What to do?

  • Perfectionism is common so listen with an open heart and offer thoughtful, gentle engagement and treatment to those who come for martial counseling, depression, anxiety, stress, co-occurring disorders, eating disorders, anger management, substance abuse treatment, PTSD and more. Those with covert perfectionism may be unable to identify themselves has having perfectionism or unrelenting standards. It is all they know, all they think the world should be, so to be anything less than how they live is to move to what they define as an incompetent level of functioning. Listen for their “shoulds”, for their unrelenting standards and help them shift/reframe their thinking as you help them heal.
  • Reflect and address your own levels of perfectionism as this will impact on your client relationships if your overt or covert perfectionism is present in the therapeutic relationship.
  • Advance your skills by reading current literature, identifying appropriate assessment tools and treatment approaches that can bring this issue to the surface with greater clarity and help the person heal.
  • While a quick web search turned up many links for Cognitive Behavioral Therapy and its use with perfectionism, also consider other approaches when this core belief is deeply entrenched from childhood stresses and/or traumatic experiences.  CBT can be  frustrating for some people when it feels as if its approaches are in an endless battle against unprocessed painful or traumatic memories. For some, CBT may feel more effective when the traumatic memories are resolved through evidence-based trauma treatment.

Select Resources

Schema Therapy Institute http://www.schematherapy.com/id201.htm

Cognitive Behavioral Treatment of Perfectionism http://www.guilford.com/cgi-bin/cartscript.cgi?page=pr/egan.htm&dir=pp/ad

When Perfect Isn’t Good Enough: Strategies for Coping with Perfectionism http://www.amazon.com/When-Perfect-Isnt-Good-Enough/dp/157224559X/ref=dp_ob_title_bk

The Surprising Reason We Beat Ourselves Up (and What to Do About It)- Social Work Career Development Blog http://www.dorleem.com/2013/05/the-surprising-reason-we-beat-ourselves.html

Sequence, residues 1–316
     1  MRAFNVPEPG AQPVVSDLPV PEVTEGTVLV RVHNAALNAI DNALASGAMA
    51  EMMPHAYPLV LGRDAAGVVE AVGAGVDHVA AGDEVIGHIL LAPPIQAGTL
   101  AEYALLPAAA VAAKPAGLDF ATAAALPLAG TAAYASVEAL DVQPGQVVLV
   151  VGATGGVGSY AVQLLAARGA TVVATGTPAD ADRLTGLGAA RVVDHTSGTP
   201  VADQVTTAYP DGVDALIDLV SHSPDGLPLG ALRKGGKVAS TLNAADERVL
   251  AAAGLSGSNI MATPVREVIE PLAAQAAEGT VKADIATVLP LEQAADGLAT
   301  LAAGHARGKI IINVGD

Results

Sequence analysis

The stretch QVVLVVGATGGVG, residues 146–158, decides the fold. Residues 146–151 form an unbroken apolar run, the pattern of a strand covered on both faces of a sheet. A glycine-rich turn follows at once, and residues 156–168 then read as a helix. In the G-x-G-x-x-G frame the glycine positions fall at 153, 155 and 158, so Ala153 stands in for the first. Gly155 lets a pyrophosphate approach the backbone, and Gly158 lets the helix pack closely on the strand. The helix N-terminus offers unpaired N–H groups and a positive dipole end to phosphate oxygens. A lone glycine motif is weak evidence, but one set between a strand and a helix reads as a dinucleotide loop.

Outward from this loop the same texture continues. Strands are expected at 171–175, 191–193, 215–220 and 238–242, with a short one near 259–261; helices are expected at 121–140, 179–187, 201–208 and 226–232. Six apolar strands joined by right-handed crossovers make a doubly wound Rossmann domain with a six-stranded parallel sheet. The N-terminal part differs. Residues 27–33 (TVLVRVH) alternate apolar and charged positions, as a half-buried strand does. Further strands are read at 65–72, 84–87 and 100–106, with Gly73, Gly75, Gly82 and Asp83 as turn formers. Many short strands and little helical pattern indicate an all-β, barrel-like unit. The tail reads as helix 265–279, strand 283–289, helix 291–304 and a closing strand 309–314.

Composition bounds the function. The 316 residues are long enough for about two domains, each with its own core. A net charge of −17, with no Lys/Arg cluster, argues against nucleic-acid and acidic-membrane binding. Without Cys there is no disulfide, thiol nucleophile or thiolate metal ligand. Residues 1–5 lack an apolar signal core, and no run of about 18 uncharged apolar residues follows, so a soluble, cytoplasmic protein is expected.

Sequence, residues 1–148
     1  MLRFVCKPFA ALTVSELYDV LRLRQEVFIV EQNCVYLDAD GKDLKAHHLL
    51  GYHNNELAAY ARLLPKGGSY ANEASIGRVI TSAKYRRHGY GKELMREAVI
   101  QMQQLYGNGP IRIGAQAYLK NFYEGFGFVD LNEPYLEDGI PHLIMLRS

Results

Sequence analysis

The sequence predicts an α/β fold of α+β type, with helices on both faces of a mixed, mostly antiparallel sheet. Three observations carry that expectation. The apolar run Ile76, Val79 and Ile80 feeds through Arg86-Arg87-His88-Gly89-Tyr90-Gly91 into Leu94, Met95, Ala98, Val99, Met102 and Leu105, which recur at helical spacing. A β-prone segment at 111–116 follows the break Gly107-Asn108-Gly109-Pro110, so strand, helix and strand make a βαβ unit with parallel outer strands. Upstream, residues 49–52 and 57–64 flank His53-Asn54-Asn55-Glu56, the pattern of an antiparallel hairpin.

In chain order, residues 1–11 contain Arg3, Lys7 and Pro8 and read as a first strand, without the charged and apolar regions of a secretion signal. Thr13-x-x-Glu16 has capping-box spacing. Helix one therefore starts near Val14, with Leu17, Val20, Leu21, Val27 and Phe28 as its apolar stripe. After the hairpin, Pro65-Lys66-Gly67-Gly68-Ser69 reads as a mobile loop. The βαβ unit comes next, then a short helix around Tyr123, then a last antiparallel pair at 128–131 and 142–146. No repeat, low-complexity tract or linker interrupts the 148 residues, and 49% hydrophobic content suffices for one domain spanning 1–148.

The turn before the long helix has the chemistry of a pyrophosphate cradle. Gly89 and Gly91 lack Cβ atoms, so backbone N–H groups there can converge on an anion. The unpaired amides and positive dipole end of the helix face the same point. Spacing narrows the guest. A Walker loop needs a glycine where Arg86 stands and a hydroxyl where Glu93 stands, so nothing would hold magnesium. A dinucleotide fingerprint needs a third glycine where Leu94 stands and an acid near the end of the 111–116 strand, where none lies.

Author: Lesa Fichte, LMSW, Director of Continuing Education

Photo Credit: Wolf and Moon by nixxphotography at www.freedigitalphotos.net


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2 responses

30 03 2014
Dorlee M (@DorleeM)

Lesa,

Thank you for this interesting look at the problem of perfectionism and all these wonderful resources.

How true it is that perfectionism may hide/hurt a client undetected unless we are keeping our eyes open for its painful shadow…

Dr Kristin Neff offers yet an alternate approach to a slightly different variation of this problem – the problem of the harsh self-critic which may or may not be the result of perfectionism…

She suggests being self-compassionate with ourselves and looking at the self-critic in ourselves as a misguided friend (vs an enemy) who (mistakenly) thinks that the best way to motivate ourselves is to be harsh and pick on ourselves.

It is by being self-compassionate with ourselves that we will essentially increase our capacity for making mistakes etc and increase our capacity for flexibility etc [be less perfectionistic].

In case you’re interested, here is a post summarizing her approach http://www.dorleem.com/2013/05/the-surprising-reason-we-beat-ourselves.html

30 03 2014
UB Social Work Continuing Education

Hi Dorlee, Thanks for your thoughts and the additional resource. It is such a big issue, I felt so challenged trying to write something concise to help people look at perfectionism in a new light. I will add your post to the resource section of this blog so that people can more easily find it!
Lesa